Russell v. Astrue, No. 09-4059 (10th Cir. 2009)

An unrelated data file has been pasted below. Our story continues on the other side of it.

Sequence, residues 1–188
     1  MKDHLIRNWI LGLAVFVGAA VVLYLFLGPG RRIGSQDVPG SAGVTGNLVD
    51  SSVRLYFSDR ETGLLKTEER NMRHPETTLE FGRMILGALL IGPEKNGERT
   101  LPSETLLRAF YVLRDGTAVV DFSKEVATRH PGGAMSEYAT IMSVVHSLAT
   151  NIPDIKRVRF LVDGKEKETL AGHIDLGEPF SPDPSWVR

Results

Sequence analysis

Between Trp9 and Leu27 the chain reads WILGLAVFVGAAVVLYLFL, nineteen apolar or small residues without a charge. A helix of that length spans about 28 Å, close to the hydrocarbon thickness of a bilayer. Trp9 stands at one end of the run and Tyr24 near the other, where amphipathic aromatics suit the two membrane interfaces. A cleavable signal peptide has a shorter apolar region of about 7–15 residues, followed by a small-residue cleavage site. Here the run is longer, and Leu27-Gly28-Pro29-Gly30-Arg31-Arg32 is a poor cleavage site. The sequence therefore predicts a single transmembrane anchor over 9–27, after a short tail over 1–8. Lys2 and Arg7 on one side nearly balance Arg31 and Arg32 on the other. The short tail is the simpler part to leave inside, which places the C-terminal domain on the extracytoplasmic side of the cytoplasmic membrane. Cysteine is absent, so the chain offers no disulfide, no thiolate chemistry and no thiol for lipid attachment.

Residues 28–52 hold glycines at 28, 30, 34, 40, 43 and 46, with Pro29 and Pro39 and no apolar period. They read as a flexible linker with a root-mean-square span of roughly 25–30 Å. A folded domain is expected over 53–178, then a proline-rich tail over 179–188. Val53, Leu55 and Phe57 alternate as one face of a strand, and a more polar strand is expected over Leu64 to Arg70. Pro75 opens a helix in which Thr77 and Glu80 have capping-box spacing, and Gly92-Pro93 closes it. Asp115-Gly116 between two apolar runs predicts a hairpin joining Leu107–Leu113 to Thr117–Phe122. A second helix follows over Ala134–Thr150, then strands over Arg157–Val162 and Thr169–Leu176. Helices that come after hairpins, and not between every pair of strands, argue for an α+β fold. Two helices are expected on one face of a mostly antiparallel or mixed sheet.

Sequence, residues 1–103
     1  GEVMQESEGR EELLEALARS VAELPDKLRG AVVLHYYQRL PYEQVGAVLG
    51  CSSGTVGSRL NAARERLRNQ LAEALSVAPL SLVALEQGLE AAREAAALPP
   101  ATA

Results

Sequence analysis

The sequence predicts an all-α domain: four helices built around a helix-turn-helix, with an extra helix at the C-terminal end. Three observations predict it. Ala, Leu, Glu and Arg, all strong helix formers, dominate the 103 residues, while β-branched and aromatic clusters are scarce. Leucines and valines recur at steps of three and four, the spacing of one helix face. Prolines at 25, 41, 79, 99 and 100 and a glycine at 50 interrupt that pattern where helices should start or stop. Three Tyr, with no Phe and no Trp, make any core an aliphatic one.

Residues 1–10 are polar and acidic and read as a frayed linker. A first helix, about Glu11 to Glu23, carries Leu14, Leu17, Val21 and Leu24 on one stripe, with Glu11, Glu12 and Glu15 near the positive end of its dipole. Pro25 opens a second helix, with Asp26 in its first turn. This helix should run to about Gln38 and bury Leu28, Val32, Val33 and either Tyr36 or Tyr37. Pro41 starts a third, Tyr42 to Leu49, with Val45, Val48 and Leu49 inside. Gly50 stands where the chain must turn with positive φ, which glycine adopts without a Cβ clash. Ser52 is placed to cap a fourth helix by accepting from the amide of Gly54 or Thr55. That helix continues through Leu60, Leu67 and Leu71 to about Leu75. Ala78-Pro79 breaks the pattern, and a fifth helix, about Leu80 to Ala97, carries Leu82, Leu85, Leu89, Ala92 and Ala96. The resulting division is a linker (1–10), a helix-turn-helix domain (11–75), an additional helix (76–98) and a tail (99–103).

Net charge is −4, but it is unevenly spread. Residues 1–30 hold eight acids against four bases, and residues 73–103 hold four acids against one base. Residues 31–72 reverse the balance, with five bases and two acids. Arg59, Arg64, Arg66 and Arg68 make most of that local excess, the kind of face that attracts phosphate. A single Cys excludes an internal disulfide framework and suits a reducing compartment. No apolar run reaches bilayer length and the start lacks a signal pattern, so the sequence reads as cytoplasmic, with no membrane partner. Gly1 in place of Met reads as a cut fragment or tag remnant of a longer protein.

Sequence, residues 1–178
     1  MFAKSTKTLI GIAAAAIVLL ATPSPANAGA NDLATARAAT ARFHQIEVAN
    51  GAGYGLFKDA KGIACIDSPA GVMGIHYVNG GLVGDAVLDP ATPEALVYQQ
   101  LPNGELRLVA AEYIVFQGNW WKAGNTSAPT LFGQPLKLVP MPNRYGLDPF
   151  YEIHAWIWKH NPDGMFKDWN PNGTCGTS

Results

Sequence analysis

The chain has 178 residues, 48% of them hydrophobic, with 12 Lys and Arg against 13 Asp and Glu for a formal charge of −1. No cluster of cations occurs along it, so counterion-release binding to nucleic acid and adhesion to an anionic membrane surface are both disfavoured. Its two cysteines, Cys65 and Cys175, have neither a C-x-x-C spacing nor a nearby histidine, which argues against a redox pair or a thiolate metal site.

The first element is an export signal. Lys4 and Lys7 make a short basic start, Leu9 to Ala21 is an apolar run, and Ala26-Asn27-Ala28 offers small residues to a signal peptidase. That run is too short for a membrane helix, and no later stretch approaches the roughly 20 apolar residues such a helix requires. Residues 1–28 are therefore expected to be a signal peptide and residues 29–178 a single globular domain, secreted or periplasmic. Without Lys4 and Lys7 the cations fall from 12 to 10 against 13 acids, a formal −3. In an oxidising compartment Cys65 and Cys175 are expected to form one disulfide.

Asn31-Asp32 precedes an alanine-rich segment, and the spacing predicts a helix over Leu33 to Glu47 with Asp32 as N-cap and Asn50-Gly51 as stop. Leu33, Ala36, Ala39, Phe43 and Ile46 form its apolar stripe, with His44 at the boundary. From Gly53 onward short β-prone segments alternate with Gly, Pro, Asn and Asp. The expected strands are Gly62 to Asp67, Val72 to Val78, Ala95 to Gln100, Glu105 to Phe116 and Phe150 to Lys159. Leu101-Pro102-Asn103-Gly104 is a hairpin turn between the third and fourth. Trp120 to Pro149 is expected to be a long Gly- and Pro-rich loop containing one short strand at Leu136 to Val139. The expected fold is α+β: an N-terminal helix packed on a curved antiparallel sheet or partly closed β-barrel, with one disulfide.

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FILED United States Court of Appeals Tenth Circuit December 16, 2009 UNITED STATES COURT OF APPEALS Elisabeth A. Shumaker FOR THE TENTH CIRCUIT Clerk of Court JULIE RUSSELL, Plaintiff-Appellant, v. MICHAEL J. ASTRUE, Commissioner of Social Security, No. 09-4059 (D.C. No. 2:08-CV-00447-DAK) (D. Utah) Defendant-Appellee. ORDER AND JUDGMENT * Before KELLY, BALDOCK, and TYMKOVICH, Circuit Judges. Julie Russell appeals from the district court s affirmance of the Commissioner of Social Security s denial of disability benefits. She argues that (1) the administrative law judge (ALJ) failed to properly evaluate her treating doctors mental-impairment opinions and (2) the ALJ s treatment of the opinions * After examining the briefs and appellate record, this panel has determined unanimously to grant the parties request for a decision on the briefs without oral argument. See Fed. R. App. P. 34(f); 10th Cir. R. 34.1(G). The case is therefore ordered submitted without oral argument. This order and judgment is not binding precedent, except under the doctrines of law of the case, res judicata, and collateral estoppel. It may be cited, however, for its persuasive value consistent with Fed. R. App. P. 32.1 and 10th Cir. R. 32.1. negatively impacted the residual functional capacity (RFC) determination. We affirm. I. In December 1999, while on a business trip, Ms. Russell was involved in an automobile accident. She received treatment for her injuries and returned to work a few days later. One day in June 2000, she awakened with pain and was unable to get out of bed. She never returned to work. In March 2004, Ms. Russell applied for disability benefits beginning June 2, 2000, based on headaches, neck pain, fibromyalgia, jaw pain, back pain, hearing loss, shoulder pain, right arm numbness, depression, and anxiety. She stated that she stopped working in June 2000 because of pain, fatigue, and anxiety. Her application was denied initially and on reconsideration. Following a hearing, the ALJ issued a decision, applying the five-step sequential evaluation process for determining whether a claimant is disabled, and concluding that Ms. Russell was not disabled through her last date insured, March 31, 2007. See 20 C.F.R. § 404.1520 (setting out five-step process). The ALJ found that Ms. Russell suffered from several severe impairments: back disorders, fibromyalgia, hearing loss, post-concussion syndrome, depressive disorder NOS with anxiety, and a somatoform disorder. But he also found that her impairments, singly or in combination, were not so severe that they met the listings. The ALJ specifically rejected Ms. Russell s assertion that she met Listings 12.04 for -2- affective disorders and 12.06 for anxiety-related disorders. See id. pt. 404, subpt. P, app. 1, §§ 12.04, 12.06. Although the ALJ concluded that Ms. Russell could not perform her past work, he decided that she, a twenty-nine year old with a college education, could perform a full range of sedentary, unskilled work, subject to certain specific limitations, including working at low stress, concentration, and memory levels. Finally, the ALJ determined that work she could perform, such as a surveillance systems monitor, was available in the national economy. After the Appeals Council denied Ms. Russell s request for review, the ALJ s decision became the final decision of the Commissioner. See Bowman v. Astrue, 511 F.3d 1270, 1272 (10th Cir. 2008). Ms. Russell appealed to the district court, which upheld the Commissioner s denial of benefits. She then appealed to this court. II. We review the Commissioner s decision to determine whether his factual findings are supported by substantial evidence in the record viewed as a whole and whether he applied the correct legal standards. Frantz v. Astrue, 509 F.3d 1299, 1300 (10th Cir. 2007) (alteration and quotation omitted). We consider whether the ALJ followed the specific rules of law that must be followed in weighing particular types of evidence in disability cases, but we will not reweigh the evidence or substitute our judgment for the Commissioner s. Cowan v. -3- Astrue, 552 F.3d 1182, 1185 (10th Cir. 2008) (quotation omitted). We will uphold the ALJ s decision even if we might have made a different choice if the case had been before us for de novo review. See id. III. A. Ms. Russell first argues that the ALJ failed to properly evaluate and provide specific and legitimate reasons for the weight he assigned to the opinions of Dr. Thomas A. Curtis and Dr. Ted Harris, Ph.D., her treating mental-health doctors. She faults the ALJ for failing to consider whether the testing and techniques they used supported their professional opinions and for dismissing their opinions with a boilerplate statement. She contends that the ALJ should have given their opinions controlling weight. The standards an ALJ must follow when analyzing a treating doctor s opinion are settled. The ALJ first considers whether the opinion is well supported by medically acceptable clinical and laboratory diagnostic techniques and is consistent with the other substantial evidence in the record. Pisciotta v. Astrue, 500 F.3d 1074, 1077 (10th Cir. 2007). If so, the ALJ must give the opinion controlling weight. Id. But if the ALJ decides the treating physician s opinion is not entitled to controlling weight, the ALJ must then consider whether the opinion should be rejected altogether or assigned some lesser weight. Id. -4- Relevant factors the ALJ may consider are set forth in 20 C.F.R. § 404.1527(d). These factors include: (1) the length of the treatment relationship and the frequency of examination; (2) the nature and extent of the treatment relationship, including the treatment provided and the kind of examination or testing performed; (3) the degree to which the physician s opinion is supported by relevant evidence; (4) consistency between the opinion and the record as a whole; (5) whether or not the physician is a specialist in the area upon which an opinion is rendered; and (6) other factors brought to the ALJ s attention which tend to support or contradict the opinion. Watkins v. Barnhart, 350 F.3d 1297, 1301 (10th Cir. 2003) (quotation omitted). Under the regulations, the agency rulings, and our case law, an ALJ must give good reasons . . . for the weight assigned to a treating physician s opinion. Langley v. Barnhart, 373 F.3d 1116, 1119 (10th Cir. 2004) (quotation omitted). The reasons must be sufficiently specific to make clear to any subsequent reviewers the weight the adjudicator gave to the treating source s medical opinion and the reason for that weight. Id. (quotation omitted). If the ALJ rejects the opinion completely, he must then give specific, legitimate reasons for doing so. Id. (quotation omitted). The ALJ recognized these standards, declining to give controlling weight to the doctors opinions, yet giving the opinions some weight by recognizing that Ms. Russell had serious mental impairments that affected her RFC for work. The ALJ rejected as unsupported by the records and clinical notes Dr. Curtis s opinion -5- given on December 2, 2004 that Ms. Russell was temporarily totally disabled since June 9, 2000 and was eligible for social security benefits. Although the [ALJ] accepts the opinions of Dr. Curtis with regard to medical issues and diagnosis relating to the nature and severity of the claimant s impairments, the opinion as to the claimant s residual functional capacity, the ability to do past work, the ability to do other work and whether there is a disability under the Social Security Act are all issues reserved to the Commissioner. Records indicate Dr. Curtis did not see claimant on a continuing basis, but only on three separate occasions. . . . On two of those occasions, Dr. Curtis opined the degree of permanent emotional impairment would be estimated as slight-to-moderate only and that, . . . there have not been any periods of temporary total disability time off from work on a purely psychiatric basis. Aplt. App., Vol. 1 at 39-40. Likewise, the ALJ did not accept Dr. Harris s opinions of disability because his opinion of June 8, 2005 that the claimant was unable to work due to a lack of sustained focus and his opinion submitted on May 17, 2007 that she had numerous marked mental limitations and, therefore, met Listings 12.04 and 12.06 are not supported by the record nor are they supported by his own clinical notes. . . . Although the [ALJ] accepts the opinions of Dr. Harris with regard to medical issues and diagnosis relating to the nature and severity of the claimant s impairments, the opinion as to the claimant s residual functional capacity, the ability to do past work, the ability to do other work and whether there is a disability under the Social Security Act are all issues reserved to the Commissioner. Dr. Harris only treated claimant for a short period of time, October 11, 2004 through January 31, 2005, and, . . . during that short period, claimant was noted to be doing well most of the time. Id. at 40. Additionally, the ALJ gave diminished weight to Dr. Curtis s and Dr. Harris s opinions as they indicate extreme limitations that are unsupported -6- by the objective evidence, especially in light of the fact that her mental health treatment has been sporadic at best. As well, these opinions are not supported by [her] own description [of] her activities of daily living, which . . . are highly active. Id. Thus, the ALJ found that the administrative record showed that Ms. Russell had limitations but not to the extent suggested by these two doctors. In our review, we first consider whether the ALJ properly analyzed Dr. Curtis s and Dr. Harris s opinions to determine if either or both were entitled to controlling weight. As indicated above, there are two components to the analysis: (1) whether the opinion is well supported by medically acceptable clinical and laboratory diagnostic techniques and (2) whether the opinion is consistent with the other substantive evidence in the record. Pisciotta, 500 F.3d at 1077. As Ms. Russell asserts, the ALJ did not address expressly the first component. He did, however, consider whether the opinions were consistent with the other record evidence. And he did state that he had considered the medical evidence in accordance with the regulations and applicable Social Security Rulings that discuss the weight to give a treating doctor s opinion. Cf. Hackett v. Barnhart, 395 F.3d 1168, 1173 (10th Cir. 2005) ( [O]ur general practice . . . is to take a lower tribunal at its word when it declares that it has considered a matter. ). The ALJ s failure to discuss the first component is not an indication that he failed to apply proper legal standards, as both components must be met in order for the opinion to have controlling weight. See SSR 96-2p, 1996 WL -7- 374188, at *2 (stating that controlling weight cannot be given to an opinion that is not well-supported or is not consistent with other substantial evidence). Consequently, the ALJ was not required to discuss both components if one was not met. There was substantial evidence to support the ALJ s findings that the doctors opinions were not consistent with the other substantive evidence in the record. As the ALJ noted, Ms. Russell s mental health treatment was sporadic. She had no treatment from July 2001 to October 2004, although she admitted that she had the ability to obtain treatment if she needed it. During her time of alleged disability, she was quite active. She bore two children, was their primary caretaker, drove, went to movies and church, played Bunko, did housework and laundry, ran errands for as long as four hours at a time, traveled to Hawaii, and took tae kwon do classes until she was spotted doing so by a workers compensation investigator. She indicated that she would have preferred to exercise more, but did not do so because of the investigation. Also, the ALJ appropriately found that Ms. Russell had limited treatment by both Dr. Curtis and Dr. Harris. She saw Dr. Curtis only three times. Although his reports were thorough, two of the three times he indicated that she was not disabled due to mental impairments. Ms. Russell saw Dr. Harris for only four months. Although he stated that she met Listings 12.04 and 12.06, we agree with the ALJ that his treatment notes did not support that conclusion. We therefore -8- conclude that the ALJ properly did not give controlling weight to the opinions of Dr. Curtis and Dr. Thomas. Moreover, the ALJ properly discounted their opinions that Ms. Russell could not work, met the listings, and was entitled to social security disability benefits. Those opinions infringed on the issues reserved to the Commissioner. See 20 C.F.R. § 404.1527(e) ( Opinions on some issues . . . are not medical opinions . . . but are, instead, opinions on issues reserved to the Commissioner because they are administrative findings that are dispositive of a case[.] ); id. § 404.1527(e)(1) ( A statement by a medical source that you are disabled or unable to work does not mean that we will determine that you are disabled. ); SSR 96-8p, 1996 WL 374184, at *7 n.8 ( A medical source opinion that an individual is disabled or . . . has an impairment(s) that meets . . . a listing, . . . is an opinion on an issue reserved to the Commissioner. ). Ms. Russell faults the ALJ for using almost identical boilerplate language about issues reserved to the Commissioner that does not contain analysis or citation and fails to cite contradictory evidence. While the ALJ did use some boilerplate language, a practice we have disapproved of on several occasions, see, e.g., Hardman v. Barnhart, 362 F.3d 676, 679 (10th Cir. 2004), the ALJ did not limit his analysis to boilerplate language. Instead, he specifically found that Dr. Curtis and Dr. Harris saw Ms. Russell only a limited number of times and the record as a whole, which the ALJ summarized in his decision, did not support a -9- disability determination. We conclude that the ALJ provided a sufficient explanation with sufficiently specific evidence for not giving controlling weight to the opinions that Ms. Russell was disabled. Because Dr. Curtis s and Dr. Thomas s opinions of disability were not entitled to controlling weight, we next consider whether the ALJ gave them an appropriate amount of weight. And we conclude that the ALJ did so. The several pages the ALJ devoted to discussing Ms. Russell s impairments, the medical opinions, and the reasons for the RFC assessment demonstrate that the ALJ adequately considered the evidence and gave proper weight to the opinions of Dr. Curtis and Dr. Harris. As discussed above, the record shows that Dr. Curtis and Dr. Harris had short treatment relationships with Ms. Russell and that her activity level was contrary to the disability opinions of the two doctors. B. Ms. Russell next argues that the ALJ s RFC assessment did not adequately account for the opinions of Dr. Curtis or Dr. Harris. This argument is based on Ms. Russell s assertion that the ALJ failed to afford proper weight to their opinions. Because we have concluded that the ALJ afforded proper weight to the opinions, we also conclude that the ALJ s RFC properly accounted for the opinions. 1 1 We need not consider Ms. Russell s final argument that this court should reverse the denial of benefits and enter an order for an immediate (continued...) -10- IV. The judgment of the district court is AFFIRMED. Entered for the Court Bobby R. Baldock Circuit Judge 1 (...continued) payment of benefits. -11-